In general, overweight people tend to sweat more, says Dr. Alexandroff. They have to use more energy when exercising to move their body weight and they have a bigger surface area to cool down.

The more fat a person is carrying, the harder it is to cool down, and the more sweat they’ll need to produce according to Dr. Hextall.

Individuals who are fit also sweat more during exercise because their bodies have adapted and are more sensitive to temperature change thereby, becoming more efficient at sweating to keep the body cooler says Professor Havenith.


If you shower daily you’ll remove harmful bacteria so you shouldn’t smell, says Dr. Alexandroff. Another trick is to use antiperspirant before bed. Women who do this have been shown to sweat less than those who use the products first thing in the morning.

Antiperspirants contain aluminium chloride. Aluminium particles are taken up by cells in the sweat glands, causing them to swell and close up, so they no longer release sweat. It is thought that by applying it at night, the antiperspirant has time to ‘set’ in the pores during sleep.

“Dry your armpits and apply antiperspirant at night,” says Dr. Hextall. “What’s left on the skin will irritate some people so in the morning, have a shower.”

“You can apply a deodorant for fragrance — even rub lemon juice into your armpits: studies suggest this can change the pH of skin so that some odor-causing bacteria that prefer alkaline environments don’t survive,” she adds. (Some experts have suggested aluminium may be linked to breast cancer, but this remains controversial.)


Some people can sweat more when eating foods such as peanut butter — this is thought to be a mild allergic reaction. “The body may perceive certain triggers as harmful and flush them out through sweat,” says Professor Havenith.

Hot coffee or tea can also make you sweat as it stimulates temperature sensors in the body, which set off your body’s cooling mechanism. And caffeine can stimulate the nervous system to activate sweat glands.

In fact, hot drinks may be better at cooling you down than cold ones, says Professor Havenith: “We produce more sweat in response to a hot drink than with a cold drink, which suppresses sweating and doesn’t change our body temperature.”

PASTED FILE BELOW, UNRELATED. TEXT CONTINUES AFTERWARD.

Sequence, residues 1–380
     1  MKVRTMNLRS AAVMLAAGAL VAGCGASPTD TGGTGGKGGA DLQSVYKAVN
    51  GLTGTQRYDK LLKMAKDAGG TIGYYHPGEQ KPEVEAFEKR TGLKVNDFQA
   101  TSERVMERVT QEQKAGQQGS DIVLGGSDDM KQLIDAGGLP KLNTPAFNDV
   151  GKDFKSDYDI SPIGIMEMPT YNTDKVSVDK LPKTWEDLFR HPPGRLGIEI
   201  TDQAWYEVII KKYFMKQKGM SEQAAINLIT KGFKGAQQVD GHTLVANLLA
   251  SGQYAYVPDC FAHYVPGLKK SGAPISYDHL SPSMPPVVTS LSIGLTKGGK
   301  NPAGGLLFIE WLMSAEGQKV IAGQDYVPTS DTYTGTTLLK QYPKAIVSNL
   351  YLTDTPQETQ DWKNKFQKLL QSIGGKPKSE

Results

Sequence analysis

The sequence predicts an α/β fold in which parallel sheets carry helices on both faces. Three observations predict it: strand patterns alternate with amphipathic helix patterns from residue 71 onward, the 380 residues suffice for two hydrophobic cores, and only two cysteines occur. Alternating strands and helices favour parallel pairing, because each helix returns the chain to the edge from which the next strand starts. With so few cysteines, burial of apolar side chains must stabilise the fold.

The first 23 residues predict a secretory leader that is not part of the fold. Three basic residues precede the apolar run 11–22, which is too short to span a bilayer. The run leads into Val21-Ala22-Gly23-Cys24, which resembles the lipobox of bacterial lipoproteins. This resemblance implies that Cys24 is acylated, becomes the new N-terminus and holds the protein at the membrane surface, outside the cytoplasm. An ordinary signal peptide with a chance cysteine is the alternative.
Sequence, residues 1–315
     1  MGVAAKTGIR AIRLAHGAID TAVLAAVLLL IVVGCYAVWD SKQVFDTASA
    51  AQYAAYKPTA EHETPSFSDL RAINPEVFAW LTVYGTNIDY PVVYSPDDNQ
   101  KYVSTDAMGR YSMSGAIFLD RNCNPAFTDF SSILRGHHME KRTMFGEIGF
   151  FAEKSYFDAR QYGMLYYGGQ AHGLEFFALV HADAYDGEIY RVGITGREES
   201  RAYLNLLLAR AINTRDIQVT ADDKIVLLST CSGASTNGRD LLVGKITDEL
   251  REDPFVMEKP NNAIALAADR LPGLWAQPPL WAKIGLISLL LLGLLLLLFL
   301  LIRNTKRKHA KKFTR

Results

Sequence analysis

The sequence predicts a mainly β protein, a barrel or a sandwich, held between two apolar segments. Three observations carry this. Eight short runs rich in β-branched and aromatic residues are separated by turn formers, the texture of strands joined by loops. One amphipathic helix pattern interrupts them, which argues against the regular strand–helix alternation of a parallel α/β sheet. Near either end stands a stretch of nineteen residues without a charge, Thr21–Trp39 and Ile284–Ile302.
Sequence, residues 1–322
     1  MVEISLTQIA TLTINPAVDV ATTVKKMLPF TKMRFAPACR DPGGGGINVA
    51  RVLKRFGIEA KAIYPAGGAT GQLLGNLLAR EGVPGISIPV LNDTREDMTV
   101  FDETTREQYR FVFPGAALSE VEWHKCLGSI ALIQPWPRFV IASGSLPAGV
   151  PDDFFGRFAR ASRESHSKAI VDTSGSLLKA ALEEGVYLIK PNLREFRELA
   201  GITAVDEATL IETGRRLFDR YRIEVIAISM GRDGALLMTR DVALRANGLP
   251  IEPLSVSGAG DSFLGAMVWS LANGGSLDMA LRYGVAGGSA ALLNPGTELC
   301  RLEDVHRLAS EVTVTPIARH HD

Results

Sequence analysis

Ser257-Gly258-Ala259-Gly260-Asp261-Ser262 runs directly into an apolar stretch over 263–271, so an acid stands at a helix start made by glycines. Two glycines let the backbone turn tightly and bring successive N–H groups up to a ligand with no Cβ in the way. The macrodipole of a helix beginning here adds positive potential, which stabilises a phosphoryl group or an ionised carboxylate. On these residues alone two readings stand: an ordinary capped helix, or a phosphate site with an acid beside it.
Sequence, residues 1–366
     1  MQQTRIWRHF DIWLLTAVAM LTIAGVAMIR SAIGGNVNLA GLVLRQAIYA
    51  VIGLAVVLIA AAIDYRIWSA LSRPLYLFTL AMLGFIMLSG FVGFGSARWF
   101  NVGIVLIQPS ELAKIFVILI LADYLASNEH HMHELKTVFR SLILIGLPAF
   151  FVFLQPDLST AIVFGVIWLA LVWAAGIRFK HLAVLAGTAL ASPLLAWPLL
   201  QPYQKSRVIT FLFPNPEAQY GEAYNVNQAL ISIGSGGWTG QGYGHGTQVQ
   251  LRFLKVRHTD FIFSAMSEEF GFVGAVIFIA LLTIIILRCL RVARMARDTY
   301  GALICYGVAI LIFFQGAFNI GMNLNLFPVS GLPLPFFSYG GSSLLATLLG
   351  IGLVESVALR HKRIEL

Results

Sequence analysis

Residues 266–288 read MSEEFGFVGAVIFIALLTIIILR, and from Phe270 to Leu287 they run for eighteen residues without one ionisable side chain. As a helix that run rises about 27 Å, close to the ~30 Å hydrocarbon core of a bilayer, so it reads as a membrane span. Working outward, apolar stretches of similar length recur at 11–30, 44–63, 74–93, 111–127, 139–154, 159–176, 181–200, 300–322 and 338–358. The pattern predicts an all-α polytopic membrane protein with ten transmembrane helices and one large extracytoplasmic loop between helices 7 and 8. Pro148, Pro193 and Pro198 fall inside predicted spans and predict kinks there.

Chili can make us sweat because it contains capsaicin, a chemical that stimulates nerves in your skin and mouth that detect heat. “Body temperature hasn’t changed, but the nervous system has been fooled by these chemicals,” explains Professor Havenith.


What you eat can affect sweat odor. Garlic or asparagus can give off a smelly odor because chemicals in these foods are not adequately broken down and are released in breath and sweat, says Dr. Alexandroff.


Diabetes and other metabolic conditions can alter your body odor. This is because they lead to a build-up of toxins in the blood which are transmitted in your sweat, which can then be detected as acidic or rotten apple scents, explains Professor Havenith.

Patients can also get nerve damage as a result of uncontrolled blood sugar levels. This, in turn, can affect the nerves surrounding sweat glands, and cause them to sweat excessively, says Dr. Hextall.

The upside to the odor is that you’re less likely to become dinner for mosquitos, according to a 2005 study by Rothamsted Research and the University of Aberdeen. Researchers found people who don’t get bitten produce chemicals that can ‘mask’ the scent of lactic acid, a waste product from your body that attracts mosquitoes.

High-protein diets can also lead to malodorous sweat, particularly if you’re exercising, adds Dr. Hextall. “If you don’t have enough carbs your body will start to break down protein as fuel, which releases ammonia in sweat, leading to an ammonia-like smell.

‘This scent could also indicate that the liver or kidneys aren’t working properly.”


The prevailing theory is that men sweat more. But a study conducted by the University of Wollongong in Australia suggests sweating is linked to your body size. Smaller people, regardless of their gender, increase blood circulation to their skin to lose heat, sweating less.


For some, the issue is not down to excess sweat but the wrong type of bacteria on their skin causing excess odor. Earlier this year researchers at the University of California suggested treatment for this: a ‘bacterial transplant.’

Scientists studied identical twins, one with body odor, the other without. They took a swab of bacteria from the fresh-smelling twin and smeared it into the armpit of the smelly one. The scent disappeared, even a year later. The theory is that the new bacteria outnumbered the bad, eliminating the odor.

‘It is like a probiotic that improves odor,’ says Dr. Alexandroff.